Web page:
Kids play, and learn, with water

SUP4Water Awareness organizer Fiona Wylde teaches standup paddling Monday at the Waterfront Park beach.

Photo by Adam Lapierre
SUP4Water Awareness organizer Fiona Wylde teaches standup paddling Monday at the Waterfront Park beach.

The wonders of wind and wastewater provided lessons in Monday’s first StandUp4Water Awareness day.

Fiona Wylde, 16, organized the all-day fun-and-education event on the waterfront, attended by 40 young people, from age 8 to teenagers.

“It was a complete success. There was a lot of wind but everyone had so much fun,” said Wylde, who organized the day with the help from a $1,300 grant from the community-supported Kids Gorge Soup benefit meal in February.


SUP4Water participants do water quality testing at Waterfront Park, with help from CH2M-Hill’s Gary Duree, right. They checked pH, dissolved oxygen and turbidity in water samples from the Hood River, The Hook, the Columbia, and Boat Basin.


Participants in SUP4Water also got on the water, riding the waves at the beach, and holding races and relays using their new stand-up paddling skills.

The wind blew from 9 a.m., at the start, to 3 p.m., when the participants finished up. The wastewater kept running, too, of course, and as part of the event the youngsters got to see it up close.

The day started with paddle training at Hood River Waterfront Park. Stand-up paddling can be tricky when there is wind, but they more than met the challenge as they were introduced to a sport that is quickly growing in popularity.

“It was definitely more difficult than we anticipated, but we kind of conquered that, and the kids did really well,” said Hannah Hill, 13, who competes with Wylde on the Big Winds stand-up paddling team. Wylde competes as a windsurfer, and scored well in Saturday and Sunday’s Gorge Cup races.

Hill said, “It was fun to watch them go through that process of getting the hang of it, because that was me a couple of years ago.”

Wylde said many of the students not only mastered standing up and paddling, but doing so on waves. The kids held races and what Wylde called “mini-downwinders” to test their newfound skills

The paddling was followed by lunch courtesy of Andrew’s Pizza, and then the youngsters took a tour of the City of Hood River wastewater treatment plant, 200 yards away.

In the visit to the plant, the SUP4WaterAwareness participants learned that the solids processed at the plant are 90 percent water. Three employees of Veolia, a Portland-based firm that contracts with cities to provide water treatment plant services, helped with the afternoon’s main event, water quality tests from samples from The Hook, Nichols Boat Basin, the Columbia, and the Hood River.

Aaron Craft and Tom Hubbard, who work for Veolia at the municipal plants in Vancouver and Wilsonville, and John Herron, a Veolia employee and Hood River resident, led the kids through the process of sampling three water quality measures: pH (potential hydrogen), DO (dissolved oxygen) and turbidity (the impact of particulates on water clarity).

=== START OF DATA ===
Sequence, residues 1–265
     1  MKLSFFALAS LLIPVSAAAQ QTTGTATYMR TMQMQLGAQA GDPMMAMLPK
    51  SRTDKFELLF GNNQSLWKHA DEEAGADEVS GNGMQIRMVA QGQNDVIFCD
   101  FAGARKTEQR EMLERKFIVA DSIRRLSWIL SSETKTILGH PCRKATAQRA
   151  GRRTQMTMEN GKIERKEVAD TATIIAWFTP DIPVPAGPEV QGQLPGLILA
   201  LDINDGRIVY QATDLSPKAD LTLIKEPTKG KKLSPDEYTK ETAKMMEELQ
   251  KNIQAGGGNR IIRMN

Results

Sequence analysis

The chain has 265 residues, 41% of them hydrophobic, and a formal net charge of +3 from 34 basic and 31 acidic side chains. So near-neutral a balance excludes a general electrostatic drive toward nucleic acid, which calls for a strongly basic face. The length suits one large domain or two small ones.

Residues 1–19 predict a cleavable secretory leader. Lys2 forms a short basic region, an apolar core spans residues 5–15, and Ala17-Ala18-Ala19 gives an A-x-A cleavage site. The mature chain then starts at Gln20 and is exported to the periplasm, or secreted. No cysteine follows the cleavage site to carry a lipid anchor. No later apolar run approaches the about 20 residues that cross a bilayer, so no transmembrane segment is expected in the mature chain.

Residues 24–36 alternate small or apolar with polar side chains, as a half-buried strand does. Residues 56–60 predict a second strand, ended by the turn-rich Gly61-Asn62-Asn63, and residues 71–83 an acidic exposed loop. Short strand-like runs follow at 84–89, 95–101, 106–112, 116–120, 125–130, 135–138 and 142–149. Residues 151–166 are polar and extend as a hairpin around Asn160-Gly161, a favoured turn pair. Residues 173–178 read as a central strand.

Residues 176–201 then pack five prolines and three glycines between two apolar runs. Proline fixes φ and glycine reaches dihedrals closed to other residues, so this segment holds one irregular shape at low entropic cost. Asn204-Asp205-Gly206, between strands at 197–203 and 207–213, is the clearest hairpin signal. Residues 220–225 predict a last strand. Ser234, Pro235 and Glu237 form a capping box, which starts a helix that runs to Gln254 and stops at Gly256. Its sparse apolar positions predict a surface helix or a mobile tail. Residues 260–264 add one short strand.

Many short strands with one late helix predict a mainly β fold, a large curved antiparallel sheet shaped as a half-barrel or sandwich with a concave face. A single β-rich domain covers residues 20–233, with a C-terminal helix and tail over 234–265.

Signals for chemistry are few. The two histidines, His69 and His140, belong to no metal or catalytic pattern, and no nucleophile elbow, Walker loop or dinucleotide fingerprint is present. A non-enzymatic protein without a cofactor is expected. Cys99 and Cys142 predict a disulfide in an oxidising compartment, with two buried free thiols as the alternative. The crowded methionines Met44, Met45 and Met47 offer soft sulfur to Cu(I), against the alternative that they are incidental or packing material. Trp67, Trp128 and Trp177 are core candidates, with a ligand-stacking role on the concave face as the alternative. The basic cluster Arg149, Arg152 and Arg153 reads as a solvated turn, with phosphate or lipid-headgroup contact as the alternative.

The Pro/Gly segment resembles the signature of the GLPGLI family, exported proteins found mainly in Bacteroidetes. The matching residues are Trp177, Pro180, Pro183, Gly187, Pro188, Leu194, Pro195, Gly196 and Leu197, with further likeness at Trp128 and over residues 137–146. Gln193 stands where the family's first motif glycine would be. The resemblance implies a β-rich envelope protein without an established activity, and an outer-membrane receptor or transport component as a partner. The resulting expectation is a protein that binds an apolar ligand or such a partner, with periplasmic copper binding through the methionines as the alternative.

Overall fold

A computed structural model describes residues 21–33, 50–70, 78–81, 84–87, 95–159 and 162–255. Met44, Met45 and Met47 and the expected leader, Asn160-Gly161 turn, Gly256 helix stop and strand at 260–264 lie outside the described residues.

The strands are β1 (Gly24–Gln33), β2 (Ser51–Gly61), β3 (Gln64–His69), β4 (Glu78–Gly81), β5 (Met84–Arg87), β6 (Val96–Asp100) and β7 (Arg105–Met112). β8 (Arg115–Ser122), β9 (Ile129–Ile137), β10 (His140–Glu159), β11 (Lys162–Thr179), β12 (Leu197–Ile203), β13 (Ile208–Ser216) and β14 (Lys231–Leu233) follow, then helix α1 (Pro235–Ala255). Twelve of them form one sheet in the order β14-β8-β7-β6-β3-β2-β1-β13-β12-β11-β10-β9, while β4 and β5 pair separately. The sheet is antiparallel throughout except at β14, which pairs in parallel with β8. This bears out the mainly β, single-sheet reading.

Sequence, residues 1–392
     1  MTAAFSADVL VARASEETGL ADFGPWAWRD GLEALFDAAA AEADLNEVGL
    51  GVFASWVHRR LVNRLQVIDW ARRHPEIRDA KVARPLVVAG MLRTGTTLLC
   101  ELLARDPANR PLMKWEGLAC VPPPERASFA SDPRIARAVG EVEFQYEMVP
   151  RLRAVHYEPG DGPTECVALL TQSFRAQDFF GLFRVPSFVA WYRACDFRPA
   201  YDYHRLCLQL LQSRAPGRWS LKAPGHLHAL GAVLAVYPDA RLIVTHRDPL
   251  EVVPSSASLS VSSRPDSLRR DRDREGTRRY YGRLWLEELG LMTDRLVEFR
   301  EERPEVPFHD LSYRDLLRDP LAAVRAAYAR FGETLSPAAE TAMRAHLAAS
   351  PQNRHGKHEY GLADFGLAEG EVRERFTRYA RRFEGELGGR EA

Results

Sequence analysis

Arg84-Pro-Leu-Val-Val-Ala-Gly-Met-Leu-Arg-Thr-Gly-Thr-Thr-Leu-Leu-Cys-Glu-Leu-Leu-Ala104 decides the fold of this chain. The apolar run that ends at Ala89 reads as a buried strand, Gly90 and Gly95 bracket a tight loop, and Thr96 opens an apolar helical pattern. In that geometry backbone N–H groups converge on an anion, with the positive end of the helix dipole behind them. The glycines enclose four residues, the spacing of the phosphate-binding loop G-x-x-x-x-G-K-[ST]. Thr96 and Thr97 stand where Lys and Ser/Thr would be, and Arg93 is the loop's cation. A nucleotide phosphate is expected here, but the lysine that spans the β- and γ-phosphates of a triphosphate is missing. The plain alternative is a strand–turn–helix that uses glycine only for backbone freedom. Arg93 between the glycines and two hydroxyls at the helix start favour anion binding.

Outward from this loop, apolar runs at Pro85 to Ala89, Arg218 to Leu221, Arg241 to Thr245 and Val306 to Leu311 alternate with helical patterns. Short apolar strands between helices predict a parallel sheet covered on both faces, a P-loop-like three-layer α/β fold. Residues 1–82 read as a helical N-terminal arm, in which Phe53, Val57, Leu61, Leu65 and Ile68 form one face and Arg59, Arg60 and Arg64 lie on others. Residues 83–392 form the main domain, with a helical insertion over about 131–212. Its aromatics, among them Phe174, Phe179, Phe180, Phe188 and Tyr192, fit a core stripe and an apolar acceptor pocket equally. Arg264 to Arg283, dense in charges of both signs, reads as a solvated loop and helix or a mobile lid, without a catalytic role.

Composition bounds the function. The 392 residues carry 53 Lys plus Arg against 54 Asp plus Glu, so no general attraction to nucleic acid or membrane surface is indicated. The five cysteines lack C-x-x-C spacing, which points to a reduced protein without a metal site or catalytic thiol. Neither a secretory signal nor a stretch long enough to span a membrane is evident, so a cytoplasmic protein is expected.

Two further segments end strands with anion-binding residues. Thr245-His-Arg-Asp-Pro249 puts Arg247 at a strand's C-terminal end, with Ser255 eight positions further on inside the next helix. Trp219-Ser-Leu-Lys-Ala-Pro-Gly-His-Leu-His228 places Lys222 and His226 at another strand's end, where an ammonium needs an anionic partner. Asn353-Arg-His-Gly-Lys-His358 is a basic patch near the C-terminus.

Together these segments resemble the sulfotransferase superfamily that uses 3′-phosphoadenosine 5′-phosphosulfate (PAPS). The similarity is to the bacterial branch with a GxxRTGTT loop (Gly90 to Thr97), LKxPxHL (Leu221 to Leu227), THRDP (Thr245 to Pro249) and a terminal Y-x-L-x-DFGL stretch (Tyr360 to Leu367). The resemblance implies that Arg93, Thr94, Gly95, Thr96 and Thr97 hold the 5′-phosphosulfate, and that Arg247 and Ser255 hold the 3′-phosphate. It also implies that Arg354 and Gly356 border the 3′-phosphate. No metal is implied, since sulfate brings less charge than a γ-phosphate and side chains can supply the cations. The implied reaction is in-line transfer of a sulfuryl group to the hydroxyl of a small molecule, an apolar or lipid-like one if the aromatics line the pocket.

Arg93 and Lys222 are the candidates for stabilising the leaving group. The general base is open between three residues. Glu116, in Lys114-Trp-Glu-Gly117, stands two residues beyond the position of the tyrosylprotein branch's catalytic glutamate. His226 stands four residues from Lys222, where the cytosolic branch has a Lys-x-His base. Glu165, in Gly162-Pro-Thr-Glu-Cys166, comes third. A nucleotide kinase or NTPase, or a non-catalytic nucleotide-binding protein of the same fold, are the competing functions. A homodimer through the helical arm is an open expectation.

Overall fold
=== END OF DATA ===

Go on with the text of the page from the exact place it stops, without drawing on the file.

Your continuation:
Wearing protective gloves, the participants divided into four groups of 10 and measured and recorded pH, DO and turbidity. The kids and also had help from the CH2M-Hill crew from the treatment plant.

“This way we looked at four distinct bodies of water, to see if there may or may not be any differences,” said Herron, who reminded the participants that the water quality conditions can change from day to day, not just area to area. The participants got to take the kits home with them, and Herron said they may come back and test the waters at other times of the year to see the changes.

“We just want them to ask the questions, such as what might be the differences, just to get them thinking,” he said.

“Once you start thinking about what causes it and where it may come from, that’s where you make the changes,” he said. “Once you learn about what should and should not go down the drain, at your house, or your school, we can start having an effect.”

He said he wants to get the students thinking about the impacts on the environment not only of water use and discharge, but of what it takes to move, treat and dispose of water; this consumes a collective 17 percent of U.S. energy, Herron said.

“The more we can keep from discharging into our rivers, the more it benefits everyone,” he said.

Wylde said, “A lot of the kids have a better grasp and now they’re able to come back here and actually test the water and see what are the numbers are saying. People always talk about ‘There’s this E. coli thing,’ but look at numbers and actually apply that to a thought process.

“I think it was a great success I was really glad so many kids showed up,” she said.

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